The impaired student: Substance abuse in medical students
Tuesday, December 1st, 2015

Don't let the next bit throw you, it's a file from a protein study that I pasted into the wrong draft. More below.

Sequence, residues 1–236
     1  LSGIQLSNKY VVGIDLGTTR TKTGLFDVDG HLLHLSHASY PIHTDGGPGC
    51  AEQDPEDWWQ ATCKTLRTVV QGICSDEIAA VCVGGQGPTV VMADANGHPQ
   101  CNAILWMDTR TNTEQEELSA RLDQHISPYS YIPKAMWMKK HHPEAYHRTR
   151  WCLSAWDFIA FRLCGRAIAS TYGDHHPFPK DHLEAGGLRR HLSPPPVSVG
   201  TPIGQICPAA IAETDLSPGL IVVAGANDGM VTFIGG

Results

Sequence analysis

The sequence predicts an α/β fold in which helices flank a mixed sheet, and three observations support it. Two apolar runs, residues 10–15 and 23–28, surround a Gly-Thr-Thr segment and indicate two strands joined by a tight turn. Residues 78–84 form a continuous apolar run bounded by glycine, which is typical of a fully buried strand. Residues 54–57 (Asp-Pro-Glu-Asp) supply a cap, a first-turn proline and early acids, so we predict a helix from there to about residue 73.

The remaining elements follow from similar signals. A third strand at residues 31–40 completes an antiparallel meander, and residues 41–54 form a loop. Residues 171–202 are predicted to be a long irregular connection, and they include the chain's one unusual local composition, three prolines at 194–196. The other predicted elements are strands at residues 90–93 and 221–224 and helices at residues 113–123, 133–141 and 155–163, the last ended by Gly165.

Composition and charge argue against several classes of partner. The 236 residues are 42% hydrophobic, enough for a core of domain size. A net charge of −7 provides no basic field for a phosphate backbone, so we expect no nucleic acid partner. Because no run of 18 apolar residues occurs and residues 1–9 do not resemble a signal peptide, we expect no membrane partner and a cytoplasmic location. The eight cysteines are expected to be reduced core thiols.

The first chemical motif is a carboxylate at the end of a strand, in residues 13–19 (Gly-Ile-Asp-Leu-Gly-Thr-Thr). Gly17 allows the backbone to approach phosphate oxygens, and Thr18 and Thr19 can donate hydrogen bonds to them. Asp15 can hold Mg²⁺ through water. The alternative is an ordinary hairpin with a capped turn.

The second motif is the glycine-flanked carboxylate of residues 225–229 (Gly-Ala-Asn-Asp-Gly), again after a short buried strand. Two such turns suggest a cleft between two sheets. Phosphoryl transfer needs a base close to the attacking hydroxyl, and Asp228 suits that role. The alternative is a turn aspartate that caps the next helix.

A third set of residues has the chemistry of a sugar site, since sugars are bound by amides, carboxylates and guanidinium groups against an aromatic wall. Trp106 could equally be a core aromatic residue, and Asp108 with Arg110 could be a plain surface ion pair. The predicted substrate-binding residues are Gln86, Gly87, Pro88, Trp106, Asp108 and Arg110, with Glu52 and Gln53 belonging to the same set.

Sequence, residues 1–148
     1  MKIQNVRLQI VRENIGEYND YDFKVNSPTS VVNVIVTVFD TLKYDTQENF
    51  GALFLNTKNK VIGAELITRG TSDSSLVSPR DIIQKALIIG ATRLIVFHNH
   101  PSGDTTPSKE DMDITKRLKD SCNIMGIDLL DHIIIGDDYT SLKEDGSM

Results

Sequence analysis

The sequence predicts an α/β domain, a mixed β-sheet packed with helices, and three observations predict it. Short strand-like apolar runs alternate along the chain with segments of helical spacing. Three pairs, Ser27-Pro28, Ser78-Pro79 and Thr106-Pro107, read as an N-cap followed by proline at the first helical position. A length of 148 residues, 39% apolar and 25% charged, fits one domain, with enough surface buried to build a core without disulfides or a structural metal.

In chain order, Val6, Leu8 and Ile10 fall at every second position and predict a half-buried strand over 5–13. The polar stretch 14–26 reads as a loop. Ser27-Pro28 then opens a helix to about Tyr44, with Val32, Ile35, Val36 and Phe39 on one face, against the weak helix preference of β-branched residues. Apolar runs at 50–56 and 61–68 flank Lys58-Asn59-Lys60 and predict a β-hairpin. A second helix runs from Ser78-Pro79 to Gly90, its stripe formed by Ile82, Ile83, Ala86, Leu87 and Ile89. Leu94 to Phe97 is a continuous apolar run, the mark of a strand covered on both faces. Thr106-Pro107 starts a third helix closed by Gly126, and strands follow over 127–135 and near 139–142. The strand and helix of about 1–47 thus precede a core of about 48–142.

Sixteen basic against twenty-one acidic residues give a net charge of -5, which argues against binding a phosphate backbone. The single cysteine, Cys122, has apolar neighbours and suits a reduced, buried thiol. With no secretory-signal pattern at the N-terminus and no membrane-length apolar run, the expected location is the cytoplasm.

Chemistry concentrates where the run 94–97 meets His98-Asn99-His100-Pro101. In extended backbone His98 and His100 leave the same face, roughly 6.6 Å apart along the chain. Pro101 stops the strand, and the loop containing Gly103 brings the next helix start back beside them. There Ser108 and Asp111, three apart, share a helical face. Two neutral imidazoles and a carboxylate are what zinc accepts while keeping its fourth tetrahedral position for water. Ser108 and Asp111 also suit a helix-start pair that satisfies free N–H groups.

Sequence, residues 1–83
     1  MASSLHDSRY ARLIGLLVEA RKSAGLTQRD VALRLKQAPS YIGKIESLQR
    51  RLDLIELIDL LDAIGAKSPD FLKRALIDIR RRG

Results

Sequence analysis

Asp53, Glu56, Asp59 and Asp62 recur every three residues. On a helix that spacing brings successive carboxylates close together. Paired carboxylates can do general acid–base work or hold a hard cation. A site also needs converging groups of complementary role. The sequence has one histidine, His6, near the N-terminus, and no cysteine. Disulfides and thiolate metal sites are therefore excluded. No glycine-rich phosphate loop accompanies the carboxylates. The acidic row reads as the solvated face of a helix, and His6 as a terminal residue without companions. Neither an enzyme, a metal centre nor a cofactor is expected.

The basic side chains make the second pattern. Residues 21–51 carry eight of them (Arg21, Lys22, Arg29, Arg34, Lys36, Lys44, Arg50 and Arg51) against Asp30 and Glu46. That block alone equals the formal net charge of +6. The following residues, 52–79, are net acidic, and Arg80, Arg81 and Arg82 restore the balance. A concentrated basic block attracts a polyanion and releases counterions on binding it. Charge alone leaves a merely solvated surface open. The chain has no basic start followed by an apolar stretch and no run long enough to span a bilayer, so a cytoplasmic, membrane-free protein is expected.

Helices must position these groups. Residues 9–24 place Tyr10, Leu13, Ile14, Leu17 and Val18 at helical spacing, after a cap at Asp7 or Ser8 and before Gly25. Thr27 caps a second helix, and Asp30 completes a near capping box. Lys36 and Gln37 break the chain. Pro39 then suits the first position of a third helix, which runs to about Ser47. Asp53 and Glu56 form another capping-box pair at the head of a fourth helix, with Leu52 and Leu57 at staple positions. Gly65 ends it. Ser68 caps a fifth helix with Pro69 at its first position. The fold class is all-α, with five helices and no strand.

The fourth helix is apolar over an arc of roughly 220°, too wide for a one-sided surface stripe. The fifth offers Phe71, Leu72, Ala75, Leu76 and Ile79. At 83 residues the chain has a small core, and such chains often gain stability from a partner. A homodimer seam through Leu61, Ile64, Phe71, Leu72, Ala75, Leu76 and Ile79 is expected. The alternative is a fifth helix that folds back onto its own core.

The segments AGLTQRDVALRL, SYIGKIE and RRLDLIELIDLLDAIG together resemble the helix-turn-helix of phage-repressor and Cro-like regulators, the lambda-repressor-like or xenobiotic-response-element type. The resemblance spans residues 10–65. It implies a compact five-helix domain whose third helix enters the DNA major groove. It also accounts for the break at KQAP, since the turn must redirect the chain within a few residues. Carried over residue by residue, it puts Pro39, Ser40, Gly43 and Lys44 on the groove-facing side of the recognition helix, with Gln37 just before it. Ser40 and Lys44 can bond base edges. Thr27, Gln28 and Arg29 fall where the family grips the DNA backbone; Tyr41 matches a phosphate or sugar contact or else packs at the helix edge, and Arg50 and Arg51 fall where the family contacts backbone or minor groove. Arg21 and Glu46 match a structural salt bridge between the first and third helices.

Substance use disorder has been a significant issue within the medical profession throughout history. It is recognised as an important issue of concern, particularly due to its associated mortality, morbidity and social consequences. Although a substantial body of literature addresses this issue amongst doctors, there is little discussion focusing on medical students. This review summarises the existing literature available on the epidemiology, common presenting features, management, legal implications and mandatory notification requirements of substance abuse in the medical student. Limited evidence suggests concerning levels of hazardous alcohol use exists in medical students, however alcohol and drug use is not comparatively higher than the general student population. While early detection is optimal for harm prevention, signs and symptoms of substance abuse are subtle and easily missed. Prevention and early intervention is critical, and it is important for students to recognise possible signs of substance abuse in their colleagues, as the biggest barrier to treatment is denial. Once detected, current evidence from Physician Health Programs suggests a service to manage the student’s multidisciplinary care, follow up and return to study obtains the best outcome. As a chronic medical condition that carries significant risk of harm to the impaired student – and potentially to patients – all health professionals should be aware of this issue and their mandatory reporting obligations.